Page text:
What is Peer to Peer?
Peer to Peer (or P2P) is essentially the patient’s doctor justifying a patient’s medical order, prescription, or inpatient status to the insurance company’s medical director. These interactions occur when the payer denies a claim according to their own internal policies and requirements. This is usually required within 72, 48, or even 24 hours from when the request was made. Otherwise, the claim will be denied.
While many of these peer to peer interactions occur due to denials for medical orders, services, and inpatient status, there are also instances for medications and devices. A doctor may speak with the medical director of a health plan to obtain a Prior Authorization (PA) approval or appeal a previously denied PA. Fifteen minutes of persuasive explanation of medical decisions from a physician may be more effective than weeks of processing a claim appeal.
The process itself is tedious and time consuming. It can become a game of telephone with the insurance company’s medical director. Often the insurance company has all the information and documentation they need, but will still reach out to the patient’s physician to ask for further clarification. These interactions may end in failure to sway the medical director’s decision otherwise.
All the efforts in collecting the supporting documentation for a patient’s claim and debating current guidelines can be without success. When dealing with an unfavorable determination of inpatient status or medical order, there may be more success if time was redirected towards an appeal post-discharge. This would save the physician’s time and allow for more direct patient care.
The physician and supporting staff must weigh the benefits and challenges presented for each case. Sometimes, one method of acquiring approval may be more effective than the other.
So why do some physicians prefer this method? Well, looking from the perspective of successful P2P cases, some physicians believe that P2P is easier. If done successfully, this overturn in the P2P process will prevent millions of dollars being tied up in the appeal process. Similarly, getting the approval through a peer to peer rather than through an appeal letter may make the world of a difference to patients. It can result in more timely access to treatment. Patients do not have to worry about being financially responsible for treatment if their insurance company denies the claim. In these cases, healthcare providers do not have to submit any additional medical records or information.
Due to the nature of P2P interactions, the insurance company’s physician and the patient’s physician are discuss on a higher level. Physician to physician. These conversations may go beyond the words on a patient charts and documents. The physician’s ability to communicate and connect with the medical director may be an important aspect to these types of approvals.
It has been noted that many insurance companies have directors in charge of specific regions of the country, so the physician may converse with the same select directors over time. This ongoing relationship is what some physicians attribute to their success in overturning denials.
Although there are two physicians discussing the patient’s case in the Peer to Peer process, there can be challenges. The physicians on the payer side may not specialize in the area of medical practice that the claim is made for. This lack of specialization can hinder accurate determination.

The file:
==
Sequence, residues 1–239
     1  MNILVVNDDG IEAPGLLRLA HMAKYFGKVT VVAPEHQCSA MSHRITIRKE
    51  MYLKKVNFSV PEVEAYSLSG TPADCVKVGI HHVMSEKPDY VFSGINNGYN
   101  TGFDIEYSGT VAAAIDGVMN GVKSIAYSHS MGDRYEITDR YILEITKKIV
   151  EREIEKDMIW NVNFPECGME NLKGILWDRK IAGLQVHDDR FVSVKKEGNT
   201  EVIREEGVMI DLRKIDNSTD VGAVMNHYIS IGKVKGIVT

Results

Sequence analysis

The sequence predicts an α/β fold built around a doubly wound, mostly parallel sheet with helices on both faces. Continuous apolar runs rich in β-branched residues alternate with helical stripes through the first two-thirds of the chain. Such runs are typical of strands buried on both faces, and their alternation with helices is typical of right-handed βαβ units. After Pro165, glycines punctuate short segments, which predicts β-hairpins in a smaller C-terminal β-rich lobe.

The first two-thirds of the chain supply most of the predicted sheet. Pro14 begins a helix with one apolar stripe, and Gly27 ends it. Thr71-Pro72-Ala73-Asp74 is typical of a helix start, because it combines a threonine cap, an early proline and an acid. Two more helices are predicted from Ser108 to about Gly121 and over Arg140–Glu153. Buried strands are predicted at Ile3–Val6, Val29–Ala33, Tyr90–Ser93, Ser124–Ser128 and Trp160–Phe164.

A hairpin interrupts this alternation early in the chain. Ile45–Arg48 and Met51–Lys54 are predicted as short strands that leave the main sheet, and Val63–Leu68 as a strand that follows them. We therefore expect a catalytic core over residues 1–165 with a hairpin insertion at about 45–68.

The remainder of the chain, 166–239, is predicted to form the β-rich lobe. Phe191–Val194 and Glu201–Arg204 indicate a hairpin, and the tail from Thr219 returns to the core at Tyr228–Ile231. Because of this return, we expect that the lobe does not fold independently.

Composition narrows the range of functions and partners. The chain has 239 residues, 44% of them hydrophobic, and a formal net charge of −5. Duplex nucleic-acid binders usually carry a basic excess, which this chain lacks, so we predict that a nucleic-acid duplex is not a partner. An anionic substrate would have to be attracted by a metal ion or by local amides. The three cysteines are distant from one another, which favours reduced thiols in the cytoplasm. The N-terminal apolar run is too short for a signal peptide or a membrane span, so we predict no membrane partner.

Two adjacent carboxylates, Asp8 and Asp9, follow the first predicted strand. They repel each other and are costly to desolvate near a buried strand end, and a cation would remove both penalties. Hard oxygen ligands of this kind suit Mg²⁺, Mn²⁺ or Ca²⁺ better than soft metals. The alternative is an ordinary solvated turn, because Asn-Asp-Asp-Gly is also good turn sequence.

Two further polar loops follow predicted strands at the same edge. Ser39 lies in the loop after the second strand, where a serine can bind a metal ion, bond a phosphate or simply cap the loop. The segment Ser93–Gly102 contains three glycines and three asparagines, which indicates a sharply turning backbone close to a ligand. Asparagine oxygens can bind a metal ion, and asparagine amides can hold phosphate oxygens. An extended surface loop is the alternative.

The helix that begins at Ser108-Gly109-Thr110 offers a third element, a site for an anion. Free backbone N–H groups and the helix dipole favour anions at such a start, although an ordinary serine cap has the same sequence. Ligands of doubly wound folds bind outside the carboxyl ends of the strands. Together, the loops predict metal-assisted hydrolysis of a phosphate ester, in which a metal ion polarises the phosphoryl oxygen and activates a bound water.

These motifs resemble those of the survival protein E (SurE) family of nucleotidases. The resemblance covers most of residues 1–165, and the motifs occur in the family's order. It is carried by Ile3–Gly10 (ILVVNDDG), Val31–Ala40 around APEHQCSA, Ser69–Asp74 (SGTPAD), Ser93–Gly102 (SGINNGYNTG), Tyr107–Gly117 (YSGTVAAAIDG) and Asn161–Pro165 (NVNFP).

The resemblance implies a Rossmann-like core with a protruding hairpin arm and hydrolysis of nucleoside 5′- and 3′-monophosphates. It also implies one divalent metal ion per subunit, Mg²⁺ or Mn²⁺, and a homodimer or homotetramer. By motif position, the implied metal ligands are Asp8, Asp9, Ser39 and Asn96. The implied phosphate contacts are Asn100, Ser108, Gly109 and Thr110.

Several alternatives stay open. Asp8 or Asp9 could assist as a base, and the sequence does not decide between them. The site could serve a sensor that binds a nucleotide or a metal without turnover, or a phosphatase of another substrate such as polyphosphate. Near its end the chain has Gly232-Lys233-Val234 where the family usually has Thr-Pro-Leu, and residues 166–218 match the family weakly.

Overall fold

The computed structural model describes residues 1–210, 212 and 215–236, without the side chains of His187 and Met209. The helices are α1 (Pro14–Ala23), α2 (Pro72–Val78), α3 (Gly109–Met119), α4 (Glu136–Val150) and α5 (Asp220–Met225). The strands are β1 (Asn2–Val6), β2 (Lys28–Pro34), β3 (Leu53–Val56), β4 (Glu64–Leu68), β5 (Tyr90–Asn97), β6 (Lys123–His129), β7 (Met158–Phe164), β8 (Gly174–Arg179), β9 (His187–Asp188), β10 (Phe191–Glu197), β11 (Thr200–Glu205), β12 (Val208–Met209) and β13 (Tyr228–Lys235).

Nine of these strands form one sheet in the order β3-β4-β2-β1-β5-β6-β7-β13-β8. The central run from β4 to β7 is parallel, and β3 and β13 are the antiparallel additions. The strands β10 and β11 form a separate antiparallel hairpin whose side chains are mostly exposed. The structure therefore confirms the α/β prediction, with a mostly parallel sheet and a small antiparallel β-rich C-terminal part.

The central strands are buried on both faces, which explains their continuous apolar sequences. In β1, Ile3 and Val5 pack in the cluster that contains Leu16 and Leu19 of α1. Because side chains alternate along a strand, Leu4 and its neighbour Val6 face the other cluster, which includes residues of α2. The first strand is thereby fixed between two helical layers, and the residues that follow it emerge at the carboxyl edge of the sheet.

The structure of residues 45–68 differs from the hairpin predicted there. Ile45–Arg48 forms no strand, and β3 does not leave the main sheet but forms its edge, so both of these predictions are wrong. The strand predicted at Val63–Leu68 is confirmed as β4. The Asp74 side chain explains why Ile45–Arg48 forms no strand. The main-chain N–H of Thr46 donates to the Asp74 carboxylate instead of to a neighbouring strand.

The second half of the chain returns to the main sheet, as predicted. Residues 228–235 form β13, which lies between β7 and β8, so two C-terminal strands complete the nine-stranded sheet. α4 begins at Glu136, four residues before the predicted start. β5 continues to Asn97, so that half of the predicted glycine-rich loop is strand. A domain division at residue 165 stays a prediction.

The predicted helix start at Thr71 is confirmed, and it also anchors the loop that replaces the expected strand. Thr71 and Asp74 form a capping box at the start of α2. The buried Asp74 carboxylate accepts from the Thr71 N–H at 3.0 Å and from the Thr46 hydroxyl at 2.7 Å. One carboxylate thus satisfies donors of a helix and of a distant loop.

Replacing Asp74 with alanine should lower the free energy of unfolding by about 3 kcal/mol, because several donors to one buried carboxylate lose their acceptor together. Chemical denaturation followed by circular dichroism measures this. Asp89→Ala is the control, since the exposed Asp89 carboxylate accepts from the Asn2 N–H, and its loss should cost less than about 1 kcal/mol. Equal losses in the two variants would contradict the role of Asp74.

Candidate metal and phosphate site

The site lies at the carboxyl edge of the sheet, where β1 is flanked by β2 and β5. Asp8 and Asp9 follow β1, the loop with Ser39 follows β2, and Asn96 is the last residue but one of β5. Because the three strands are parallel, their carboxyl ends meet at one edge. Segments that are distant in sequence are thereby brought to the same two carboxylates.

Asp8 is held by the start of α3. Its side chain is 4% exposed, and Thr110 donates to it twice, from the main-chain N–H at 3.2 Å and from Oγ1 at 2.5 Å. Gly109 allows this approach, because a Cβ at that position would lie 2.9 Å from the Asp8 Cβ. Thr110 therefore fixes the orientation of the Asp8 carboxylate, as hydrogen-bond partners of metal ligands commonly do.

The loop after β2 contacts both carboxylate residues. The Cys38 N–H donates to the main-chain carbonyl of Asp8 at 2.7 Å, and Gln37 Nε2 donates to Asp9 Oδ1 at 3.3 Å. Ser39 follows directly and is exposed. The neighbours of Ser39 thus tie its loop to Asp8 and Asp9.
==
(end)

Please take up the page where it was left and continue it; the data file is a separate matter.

Additionally, time is a major concern for physicians. Processing claims and subsequent denials takes approximately 14.4 hours of a physician’s practice time each week. Many health systems today have separate roles to review these denials and participate in P2Ps so that the patient-facing physicians do not have to use their time to do administrative tasks.
Two Sides to Every Coin
To put it simply, there are always two sides to a coin as there will always be two sides to this process. While some physicians consider it to be a time-consuming chore, some other physicians consider it to be a golden opportunity. With hardly any statistical data to support one side or the other, collecting information on what physicians prefer and the total expenses involved in a peer to peer versus an appeal would be helpful to shed more light on this process.
Hassaballa, D. H. (2019, January 23). The Pain (and Joy) of the Peer-to-Peer Conversation. Retrieved June 26, 2020, from https://medium.com/@drhassaballa/the-pain-and-joy-of-the-peer-to-peer-conversation-f57b98fa6d6a
Juliet B. Ugarte Hopkins, M. (2018, April 11). Are Peer-To-Peers Worth It? Physician Reaction. Retrieved June 26, 2020, from https://www.racmonitor.com/are-peer-to-peers-worth-it-physician-reaction
Juliet B. Ugarte Hopkins, M. (2018, February 14). Are Peer-to-Peers Worth the Effort? Retrieved June 26, 2020, from https://www.racmonitor.com/are-peer-to-peers-worth-the-effort#:~:text=P2P is an opportunity for,why inpatient status is appropriate.&text=If not, the attending physician,decide what to do next.
Make ‘Peer-to-Peer’ Happen Within 24 Hours, Or Face Denied Claim. (2018, January 1). Retrieved June 26, 2020, from https://www.reliasmedia.com/articles/141921-make-peer-to-peer-happen-within-24-hours-or-face-denied-claim
O’Reilly, K. B. (2019, November 01). 8 prior authorization terms that drive every doctor crazy. Retrieved July 08, 2020, from https://www.ama-assn.org/practice-management/sustainability/8-prior-authorization-terms-drive-every-doctor-crazy